“The safety of workers in Georgia’s mines is at serious risk,” reads the beginning of the first paragraph of the Human Rights Watch research “No Year without Deaths: A Decade of Deregulation Puts Georgian Miners at Risk”.
The 60-page research says that the risk is caused by “insufficient government regulation and resulting mining practices that prioritize production quotas and put workers’ safety in jeopardy”.
Human Rights Watch reports that the research “documents how weak labor protections and limited government oversight have allowed mining practices that undermine safety to flourish”.
The research says that the Georgian Manganese company, the largest manganese producer, operates 11 mines as well as a processing plant and has about 3,500 workers.
Human Rights Watch enquired the workers at GM mines who said “because they worked 12-hour shifts underground, including at night, for 15 straight days, they were often exhausted, and they had faced penalties for failure to make quotas”.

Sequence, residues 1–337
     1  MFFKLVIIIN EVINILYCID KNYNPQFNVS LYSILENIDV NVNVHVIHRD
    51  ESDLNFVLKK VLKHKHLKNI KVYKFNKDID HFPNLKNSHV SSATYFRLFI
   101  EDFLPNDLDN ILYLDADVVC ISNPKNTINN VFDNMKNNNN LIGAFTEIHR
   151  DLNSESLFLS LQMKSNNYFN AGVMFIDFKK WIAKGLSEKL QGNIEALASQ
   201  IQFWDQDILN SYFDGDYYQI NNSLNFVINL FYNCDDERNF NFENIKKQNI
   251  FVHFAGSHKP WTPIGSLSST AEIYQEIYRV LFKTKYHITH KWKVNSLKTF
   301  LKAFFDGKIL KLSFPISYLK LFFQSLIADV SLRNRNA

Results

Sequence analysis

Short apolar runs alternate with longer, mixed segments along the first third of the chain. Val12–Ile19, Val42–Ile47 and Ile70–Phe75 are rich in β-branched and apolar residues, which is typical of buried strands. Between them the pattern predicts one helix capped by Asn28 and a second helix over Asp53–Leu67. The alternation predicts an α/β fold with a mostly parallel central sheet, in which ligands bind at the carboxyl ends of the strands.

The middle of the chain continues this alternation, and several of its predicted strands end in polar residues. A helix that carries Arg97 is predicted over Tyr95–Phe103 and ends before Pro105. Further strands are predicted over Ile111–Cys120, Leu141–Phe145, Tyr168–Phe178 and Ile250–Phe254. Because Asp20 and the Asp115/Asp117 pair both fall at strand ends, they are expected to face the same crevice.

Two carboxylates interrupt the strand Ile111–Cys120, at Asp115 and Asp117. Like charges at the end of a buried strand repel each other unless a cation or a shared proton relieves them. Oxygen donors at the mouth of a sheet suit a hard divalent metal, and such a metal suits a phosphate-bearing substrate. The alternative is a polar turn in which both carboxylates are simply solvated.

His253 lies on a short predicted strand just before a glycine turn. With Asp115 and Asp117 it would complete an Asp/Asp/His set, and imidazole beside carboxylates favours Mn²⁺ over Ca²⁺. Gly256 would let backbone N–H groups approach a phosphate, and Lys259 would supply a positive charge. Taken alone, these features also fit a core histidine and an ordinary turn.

The research also read that the coal miners for Saknakhshiri LLC also said the working conditions heightened risks to safety and labor rights.
“Human Rights Watch cited other practices at odds with workers’ rights. These include long hours, inadequate breaks, and no weekly rest days, non-payment of overtime hours, failure to provide copies of written contracts, and unfair wage deductions,” the report reads.
Human Rights Watch also recalls the death of 10 miners in two accidents in 2018 underlining that Georgia “was shaken”.
In conclusion, the research says that mining companies should respect workers’ rights and the safety of their employees in Georgia and work with employees to conduct reforms aimed at improving safety.
More than 400 workers have died in the workplace between 2010 and 2018, official data of the Interior Ministry of Georgia read. (Agenda/Ukrainian metal)